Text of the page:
South Carolina Passes Temporary Education Tax Credits

Published May 30, 2013

While a $39 million education tax credit proposal failed to pass the South Carolina Senate this May, senators amended the state budget to grant tax deductions for private school teachers and learning-disabled students.

The amendment allows individuals to deduct up to $10,000 in donations to private school scholarships for special-needs students, and allows private school teachers to deduct up to $275 for school supplies, both on state tax bills. The credit total is capped at $5 million, and because it passed as an amendment to the 2013-14 budget, the credit is only valid for one year.

State Sen. Kevin Bryant (R-Colombia), who sponsored the amendment, called it “a very small step.” But “it is a positive step to assist families with exceptional-needs children in that it gives them a choice of where they obtain their child’s education,” he said.

School choice proposals have failed to pass in South Carolina although introduced every year for more than a decade. This year was the first time one reached the Senate floor for debate.

Larger Proposal Fails
Nine Republicans in the Republican-dominated Senate voted to table the $39 million proposal, sponsored by Sen. Larry Grooms (R-Berkeley), which failed 23-18.

School choice “is not a partisan issue,” said Jay Ragley, spokesman for state Superintendent Mickey Zais. “Right now, school choice in the state Senate is not a reality because a majority of the senators are supported by the education establishment.”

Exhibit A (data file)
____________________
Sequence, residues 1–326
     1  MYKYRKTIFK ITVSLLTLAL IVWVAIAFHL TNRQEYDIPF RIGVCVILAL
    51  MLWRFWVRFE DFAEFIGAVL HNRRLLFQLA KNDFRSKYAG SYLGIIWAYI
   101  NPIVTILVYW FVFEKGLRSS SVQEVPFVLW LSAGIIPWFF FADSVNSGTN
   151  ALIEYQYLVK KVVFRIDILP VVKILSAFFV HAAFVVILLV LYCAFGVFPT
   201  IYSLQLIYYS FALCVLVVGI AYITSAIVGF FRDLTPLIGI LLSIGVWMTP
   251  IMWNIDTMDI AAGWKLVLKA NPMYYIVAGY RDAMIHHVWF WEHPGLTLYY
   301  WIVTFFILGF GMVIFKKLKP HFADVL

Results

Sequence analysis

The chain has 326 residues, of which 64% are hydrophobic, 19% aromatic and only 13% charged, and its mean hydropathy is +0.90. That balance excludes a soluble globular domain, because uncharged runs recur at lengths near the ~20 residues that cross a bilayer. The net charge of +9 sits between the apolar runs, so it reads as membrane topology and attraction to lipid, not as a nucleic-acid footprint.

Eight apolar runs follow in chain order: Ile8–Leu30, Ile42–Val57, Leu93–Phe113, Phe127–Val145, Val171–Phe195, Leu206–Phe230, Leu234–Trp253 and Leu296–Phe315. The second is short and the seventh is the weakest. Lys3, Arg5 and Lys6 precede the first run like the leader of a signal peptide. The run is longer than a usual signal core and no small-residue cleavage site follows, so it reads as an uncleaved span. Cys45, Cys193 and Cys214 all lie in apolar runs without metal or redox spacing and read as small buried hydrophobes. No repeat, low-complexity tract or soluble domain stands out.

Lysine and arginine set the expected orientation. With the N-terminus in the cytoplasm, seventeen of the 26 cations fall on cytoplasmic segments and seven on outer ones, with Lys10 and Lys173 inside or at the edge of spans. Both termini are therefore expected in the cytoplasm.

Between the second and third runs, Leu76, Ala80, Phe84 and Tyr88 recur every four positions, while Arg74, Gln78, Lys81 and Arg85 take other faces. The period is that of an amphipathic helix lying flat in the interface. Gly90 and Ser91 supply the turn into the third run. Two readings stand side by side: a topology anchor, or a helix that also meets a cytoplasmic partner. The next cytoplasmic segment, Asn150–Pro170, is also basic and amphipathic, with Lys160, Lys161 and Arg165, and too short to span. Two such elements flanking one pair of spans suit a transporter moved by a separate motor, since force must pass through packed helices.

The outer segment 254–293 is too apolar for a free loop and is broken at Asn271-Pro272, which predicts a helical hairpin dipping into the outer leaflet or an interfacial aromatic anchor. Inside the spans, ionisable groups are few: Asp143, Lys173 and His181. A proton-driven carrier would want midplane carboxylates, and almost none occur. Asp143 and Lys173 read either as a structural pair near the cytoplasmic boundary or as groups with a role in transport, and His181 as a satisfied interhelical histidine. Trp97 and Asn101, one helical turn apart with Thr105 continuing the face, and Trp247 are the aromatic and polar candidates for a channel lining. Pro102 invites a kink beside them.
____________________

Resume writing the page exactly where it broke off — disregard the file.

Grooms’ proposal would have allowed tax deductions of:

  • Up to $4,000 for parents who pay private K-12 tuition,
  • Up to $2,000 for homeschooling expenses, and
  • Up to $1,000 for children attending public school in another district.

It also would have given state tax deductions to companies and individuals who donate to private school scholarship-granting organizations. The deductions would be capped at $25 million.

Under a tax credit proposal, the government would not be funding private schools, but simply allowing taxpayers to keep more of their own money, Grooms said. Thus, the state could not regulate what home or private schools teach, he emphasized.

“If I want my son to be at a school that teaches the Twenty-Third Psalm, that teaches John 3:16, I don’t want the government coming in and saying ‘You can’t do that,'” Grooms said during the floor debate.

Critics of the proposal noted it would reduce state revenues by $39 million. While turning it down, the state Senate committed an additional $26 million to a version of Obama’s plan to expand full-day 4-year-old kindergarten to school districts where more than 75 percent of students live below the federal poverty line.

Ragley said $39 million was the maximum limit. “We don’t know the total fiscal impact because we don’t know how many people will participate,” he said. “The General Assembly passes tax credits for a number of purposes every year. Why should an education tax credit be different than an economic development tax credit?”

Image by Susy Morris